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WHAT IT’S ABOUT:
Pretty Wiccan Rebecca Colby borrowed money from her father to start a bakery, and now he’s calling the loan due. When she learns he fell off the gambling wagon and owes big money to some scary people, she has to start making a profit—and fast—before the loan shark takes a bite out of her.
Hot Cowboy Dru Tanner is looking for his missing sister who left Texas to explore their New England Wiccan roots. She’s the only family he has left, and he’s desperate to find her. Dru has to hide the fact that he’s not a Wiccan long enough to infiltrate a coven in Portsmouth, New Hampshire. It’s the only lead he has.
Dru needs a job and a place to stay while he searches for his sister. Rebecca needs cheap help so she can work some baking magic. Dru makes Rebecca an offer she can’t refuse—if only lust doesn’t drive them crazy first.
READ AN EXCERPT:
The bell above the door tinkled, signaling a customer. Jumping to her feet, Rebecca mumbled into the phone, “I’ll have to call you back, Dad.” She hung up and took a deep breath to compose herself.
Plastering a smile on her face, she turned toward the counter and caught her first glimpse of the most incredible man she’d ever seen. He was tall, at least six feet. His jeans hugged lean hips in such a way as to leave little to the imagination, yet he moved in them casually, looking totally comfortable.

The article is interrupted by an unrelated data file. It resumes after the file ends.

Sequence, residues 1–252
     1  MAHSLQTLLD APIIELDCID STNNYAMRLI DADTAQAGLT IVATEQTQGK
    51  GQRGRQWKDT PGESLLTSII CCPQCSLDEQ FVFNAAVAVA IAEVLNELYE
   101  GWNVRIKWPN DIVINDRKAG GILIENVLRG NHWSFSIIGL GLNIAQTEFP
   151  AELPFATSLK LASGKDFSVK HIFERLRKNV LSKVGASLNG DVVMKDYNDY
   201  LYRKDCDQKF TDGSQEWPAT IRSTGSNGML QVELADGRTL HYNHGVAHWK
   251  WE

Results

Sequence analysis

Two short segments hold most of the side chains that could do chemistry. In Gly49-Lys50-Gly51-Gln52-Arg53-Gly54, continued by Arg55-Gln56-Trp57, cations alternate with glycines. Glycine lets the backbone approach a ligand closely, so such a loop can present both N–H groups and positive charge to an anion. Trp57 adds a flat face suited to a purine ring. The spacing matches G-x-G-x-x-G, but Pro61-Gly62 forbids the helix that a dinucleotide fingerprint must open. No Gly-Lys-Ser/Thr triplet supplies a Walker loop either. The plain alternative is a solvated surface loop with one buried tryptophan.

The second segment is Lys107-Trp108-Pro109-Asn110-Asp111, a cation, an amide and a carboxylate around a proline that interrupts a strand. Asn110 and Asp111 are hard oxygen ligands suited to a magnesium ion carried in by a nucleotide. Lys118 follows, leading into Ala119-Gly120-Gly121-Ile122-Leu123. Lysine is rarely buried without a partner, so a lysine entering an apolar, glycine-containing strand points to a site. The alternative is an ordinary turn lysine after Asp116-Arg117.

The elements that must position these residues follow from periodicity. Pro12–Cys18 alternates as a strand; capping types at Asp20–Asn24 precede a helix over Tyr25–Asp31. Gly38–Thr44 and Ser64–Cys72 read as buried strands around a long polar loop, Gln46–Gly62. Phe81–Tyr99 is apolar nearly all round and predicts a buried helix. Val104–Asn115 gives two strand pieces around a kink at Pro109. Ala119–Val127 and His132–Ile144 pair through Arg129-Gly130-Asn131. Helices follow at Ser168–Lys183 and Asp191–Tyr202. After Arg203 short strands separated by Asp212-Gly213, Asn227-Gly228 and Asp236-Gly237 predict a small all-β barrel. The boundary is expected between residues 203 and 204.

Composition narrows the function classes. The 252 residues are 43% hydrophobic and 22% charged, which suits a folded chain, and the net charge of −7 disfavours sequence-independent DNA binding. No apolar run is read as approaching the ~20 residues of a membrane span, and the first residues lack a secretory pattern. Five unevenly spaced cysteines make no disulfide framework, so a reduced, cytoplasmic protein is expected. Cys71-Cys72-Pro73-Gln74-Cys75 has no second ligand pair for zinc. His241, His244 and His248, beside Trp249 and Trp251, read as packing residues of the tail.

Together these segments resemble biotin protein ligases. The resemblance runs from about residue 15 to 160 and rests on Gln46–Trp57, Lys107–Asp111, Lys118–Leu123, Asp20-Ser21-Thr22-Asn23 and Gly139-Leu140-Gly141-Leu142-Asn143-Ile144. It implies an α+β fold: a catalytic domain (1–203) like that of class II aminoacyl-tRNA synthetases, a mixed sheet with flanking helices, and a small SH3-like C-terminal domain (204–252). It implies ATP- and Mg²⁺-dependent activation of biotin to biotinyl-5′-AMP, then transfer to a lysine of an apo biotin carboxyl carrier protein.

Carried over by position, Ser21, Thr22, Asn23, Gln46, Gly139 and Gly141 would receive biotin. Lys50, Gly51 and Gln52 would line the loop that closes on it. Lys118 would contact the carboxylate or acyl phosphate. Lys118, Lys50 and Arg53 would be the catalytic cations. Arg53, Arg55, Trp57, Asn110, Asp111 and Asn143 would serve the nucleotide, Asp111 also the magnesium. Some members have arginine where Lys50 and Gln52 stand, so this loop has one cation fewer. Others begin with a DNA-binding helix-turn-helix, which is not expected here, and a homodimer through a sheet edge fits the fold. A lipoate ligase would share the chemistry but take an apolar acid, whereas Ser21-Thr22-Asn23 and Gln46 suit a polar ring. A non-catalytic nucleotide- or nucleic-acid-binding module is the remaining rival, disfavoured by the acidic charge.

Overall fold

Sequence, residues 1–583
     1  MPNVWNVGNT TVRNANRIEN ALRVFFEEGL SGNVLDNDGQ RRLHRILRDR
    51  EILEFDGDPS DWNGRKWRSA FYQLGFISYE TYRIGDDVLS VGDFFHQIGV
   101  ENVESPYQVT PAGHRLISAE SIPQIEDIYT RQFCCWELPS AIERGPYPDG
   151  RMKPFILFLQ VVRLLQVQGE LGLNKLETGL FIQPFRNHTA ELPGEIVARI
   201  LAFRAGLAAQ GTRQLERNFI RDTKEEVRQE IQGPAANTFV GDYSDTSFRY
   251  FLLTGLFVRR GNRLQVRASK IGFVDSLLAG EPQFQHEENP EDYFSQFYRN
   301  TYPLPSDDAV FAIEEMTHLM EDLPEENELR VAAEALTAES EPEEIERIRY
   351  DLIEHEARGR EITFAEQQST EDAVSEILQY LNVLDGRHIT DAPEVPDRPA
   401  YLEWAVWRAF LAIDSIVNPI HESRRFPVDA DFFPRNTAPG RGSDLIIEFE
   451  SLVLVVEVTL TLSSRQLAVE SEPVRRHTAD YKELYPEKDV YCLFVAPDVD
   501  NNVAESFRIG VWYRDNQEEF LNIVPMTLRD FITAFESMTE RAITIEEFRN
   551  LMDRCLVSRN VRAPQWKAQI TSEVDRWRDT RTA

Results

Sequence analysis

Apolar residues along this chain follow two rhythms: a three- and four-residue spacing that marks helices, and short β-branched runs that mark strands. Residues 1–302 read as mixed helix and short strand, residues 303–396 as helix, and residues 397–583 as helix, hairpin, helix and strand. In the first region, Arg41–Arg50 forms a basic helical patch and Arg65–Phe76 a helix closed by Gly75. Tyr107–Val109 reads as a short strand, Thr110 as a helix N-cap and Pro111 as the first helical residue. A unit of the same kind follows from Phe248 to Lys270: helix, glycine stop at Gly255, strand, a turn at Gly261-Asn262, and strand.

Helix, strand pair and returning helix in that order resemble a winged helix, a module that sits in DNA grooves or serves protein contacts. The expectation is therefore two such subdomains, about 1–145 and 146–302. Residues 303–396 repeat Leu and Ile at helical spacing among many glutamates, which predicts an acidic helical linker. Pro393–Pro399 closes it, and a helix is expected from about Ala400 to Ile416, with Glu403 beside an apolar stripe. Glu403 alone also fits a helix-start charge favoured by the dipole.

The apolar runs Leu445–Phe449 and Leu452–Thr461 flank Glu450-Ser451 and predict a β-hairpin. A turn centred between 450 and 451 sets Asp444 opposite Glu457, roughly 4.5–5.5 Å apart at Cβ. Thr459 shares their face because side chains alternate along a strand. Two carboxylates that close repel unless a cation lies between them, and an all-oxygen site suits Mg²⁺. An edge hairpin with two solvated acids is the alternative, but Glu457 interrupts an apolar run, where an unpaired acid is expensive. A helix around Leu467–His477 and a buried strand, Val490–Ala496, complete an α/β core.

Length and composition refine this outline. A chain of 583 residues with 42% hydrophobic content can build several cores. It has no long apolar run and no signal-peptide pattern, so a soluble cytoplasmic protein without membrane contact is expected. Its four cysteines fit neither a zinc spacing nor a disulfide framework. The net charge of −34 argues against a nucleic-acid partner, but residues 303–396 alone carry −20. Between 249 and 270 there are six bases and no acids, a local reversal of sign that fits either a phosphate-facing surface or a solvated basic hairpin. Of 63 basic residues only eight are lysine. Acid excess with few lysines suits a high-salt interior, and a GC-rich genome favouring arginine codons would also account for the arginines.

When he reached the counter a gorgeous smile softened his rugged features. Blue eyes and sandy brown hair peaked out from under the well-worn cowboy hat. Am I looking at a real live cowboy here in New England?
He tipped the brim of his hat. “Mornin’ ma’am. Or I should say good afternoon. I guess it’s past noontime, after all.”
If he was rambling a little bit, she was grateful for it. She didn’t think she could speak right away.
“I was wonderin’ . . . that help-wanted sign in the window . . . ?”
Shoot. Should she tell the guy she might not be in business very long? Her Wiccan values had her believing that honesty was the best policy, but she could at least let him finish his sentence.
“Yes?” she prompted.
“Well, this is gonna sound pretty stupid if I’m wrong . . .”
His hesitation only lasted a moment. Then he gazed into her eyes with his piercing blue ones. “Are you by any chance a witch? Because if so, maybe we can help each other. I’m willin’ to trade my services for your help findin’ my sister.”